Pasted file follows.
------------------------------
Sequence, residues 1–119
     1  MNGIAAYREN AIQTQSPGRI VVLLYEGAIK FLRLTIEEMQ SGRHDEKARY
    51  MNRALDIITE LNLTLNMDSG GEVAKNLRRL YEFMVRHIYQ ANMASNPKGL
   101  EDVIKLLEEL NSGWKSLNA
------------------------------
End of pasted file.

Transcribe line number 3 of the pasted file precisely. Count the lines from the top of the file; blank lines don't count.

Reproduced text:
    51  MNRALDIITE LNLTLNMDSG GEVAKNLRRL YEFMVRHIYQ ANMASNPKGL